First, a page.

Using Aviso as Python API is intended for users who want to integrate it into a bigger workflow written in Python, or who simply have their trigger defined as a Python function. Figure 3 shows an example of a Python script that defines a function to be executed once a notification is received, creates a listener that references this function, and finally passes it to Aviso to execute. The function in the example, called my_mars_request, performs a MARS request to retrieve the data notified. Note how the notification metadata that Aviso provides is then used to build the MARS request. Aviso can achieve this seamless integration by virtue of being a domain-specific notification system for meteorological data.

FIGURE 3 Example of using Aviso Python API to define a function to be executed once a notification is received.

Catching up on missed notifications

Before listening to new notifications, Aviso will by default check what was the last notification delivered for that user, and it will then return all the notifications that have not yet been delivered. It will then carry on listening and deliver new ones. This behaviour ensures high reliability because, even if the listening process is interrupted due to networking faults or system unavailability, the users will not miss any notifications.

Users can also choose to listen only to new notifications or replay past notifications where available. Replaying past notifications is also a useful mechanism for testing the listener configuration with real notifications.

Pilot workflows

This section showcases three workflows implemented by Member State users in the EWC. These workflows are pilot applications. They aim to explore and demonstrate the potential in using Aviso as a notification system and triggering mechanism for downstream applications of weather and climate data that exploit the data proximity of the EWC.

MET Norway workflow

MET Norway has always been keen to make ECMWF data available as soon as possible for downstream processing and utilisation. In 2016, it developed a system broadcasting an event every time a model time step is received from the dissemination system, triggering further actions. Dissemination goes through the Secure File Transfer Protocol (SFTP), and MET Norway uses the inotify Linux subsystem to detect a change. With Aviso, this task has become easier. Aviso provides these events, and ECMWF disseminates the data via an Amazon Simple Storage Service (S3) object store in the EWC.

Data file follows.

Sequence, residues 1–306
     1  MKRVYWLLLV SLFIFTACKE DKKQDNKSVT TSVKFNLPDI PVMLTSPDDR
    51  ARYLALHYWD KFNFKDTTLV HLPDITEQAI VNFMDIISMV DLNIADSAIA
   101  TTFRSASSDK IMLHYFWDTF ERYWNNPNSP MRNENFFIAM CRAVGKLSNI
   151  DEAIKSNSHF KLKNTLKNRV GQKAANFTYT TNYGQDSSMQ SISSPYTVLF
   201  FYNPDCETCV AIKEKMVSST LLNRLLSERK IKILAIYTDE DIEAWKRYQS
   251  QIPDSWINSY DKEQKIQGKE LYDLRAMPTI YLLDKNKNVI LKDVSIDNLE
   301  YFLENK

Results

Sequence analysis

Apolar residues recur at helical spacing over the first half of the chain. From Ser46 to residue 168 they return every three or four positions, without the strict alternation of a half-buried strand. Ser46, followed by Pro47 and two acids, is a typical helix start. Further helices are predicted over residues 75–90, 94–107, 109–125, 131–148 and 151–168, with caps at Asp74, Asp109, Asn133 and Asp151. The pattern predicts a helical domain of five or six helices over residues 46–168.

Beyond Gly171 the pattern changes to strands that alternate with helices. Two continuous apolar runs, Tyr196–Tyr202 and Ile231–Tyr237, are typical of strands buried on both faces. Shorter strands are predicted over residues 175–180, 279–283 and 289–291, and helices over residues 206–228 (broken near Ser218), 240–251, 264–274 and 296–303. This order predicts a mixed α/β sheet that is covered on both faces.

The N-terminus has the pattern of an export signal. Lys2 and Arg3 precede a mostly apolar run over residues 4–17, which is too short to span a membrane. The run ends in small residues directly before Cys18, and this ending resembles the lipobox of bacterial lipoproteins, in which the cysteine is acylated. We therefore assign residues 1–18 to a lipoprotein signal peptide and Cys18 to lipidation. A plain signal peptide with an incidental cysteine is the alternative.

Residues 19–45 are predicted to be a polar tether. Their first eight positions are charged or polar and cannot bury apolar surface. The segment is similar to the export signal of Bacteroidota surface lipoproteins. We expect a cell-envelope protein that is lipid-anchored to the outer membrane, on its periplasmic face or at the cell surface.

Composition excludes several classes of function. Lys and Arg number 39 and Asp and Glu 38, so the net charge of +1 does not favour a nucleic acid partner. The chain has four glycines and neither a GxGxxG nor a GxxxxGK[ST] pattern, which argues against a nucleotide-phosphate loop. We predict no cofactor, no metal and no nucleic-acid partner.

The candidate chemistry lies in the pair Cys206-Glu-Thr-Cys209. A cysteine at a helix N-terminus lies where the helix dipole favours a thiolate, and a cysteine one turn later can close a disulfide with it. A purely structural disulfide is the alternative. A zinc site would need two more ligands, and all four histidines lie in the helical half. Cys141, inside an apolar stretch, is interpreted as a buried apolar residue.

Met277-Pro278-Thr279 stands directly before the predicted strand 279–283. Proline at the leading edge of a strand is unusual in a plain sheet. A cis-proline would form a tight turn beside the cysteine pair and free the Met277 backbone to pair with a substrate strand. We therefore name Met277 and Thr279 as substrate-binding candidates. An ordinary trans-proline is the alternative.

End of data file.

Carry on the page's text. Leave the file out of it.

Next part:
Figure 4 shows the new set-up. Aviso Client is used in a proof-of-concept application, which converts GRIB files to NetCDF and serves them using an OPeNDAP server (THREDDS). Systemd is the orchestrator used to run Aviso and schedule conversion jobs using a language-agnostic background job system called Faktory ( The notifications include a full S3 path, which is reachable from wherever the conversion system is running.

FIGURE 4 MET Norway workflow using Aviso with the EWC.

This set-up makes use of templating in the configuration file to structure commands for the processing system. This feature makes it possible to parametrize post-processing programs and does not pose any requirements on the languages or libraries used. The implementation of the pipeline described is available at

To leverage the flexibility of S3, MET Norway is planning to add a conversion to the Zarr format and distribute the data further by pushing it back to the S3 object storage.

Finnish Meteorological Institute workflow

The Finnish Meteorological Institute (FMI) is planning to use Aviso to integrate an existing Amazon Web Services (AWS) processing infrastructure with a data processing pipeline deployed at the EWC. The overall workflow serves the following purposes:

  • Converting GRIB data to a format used by an FMI Weather Information and Forecast Production System (SmartMet) workstation
  • Exporting data to Geoweb as Web Map Service (WMS) layers
  • Enabling product development through an interactive platform.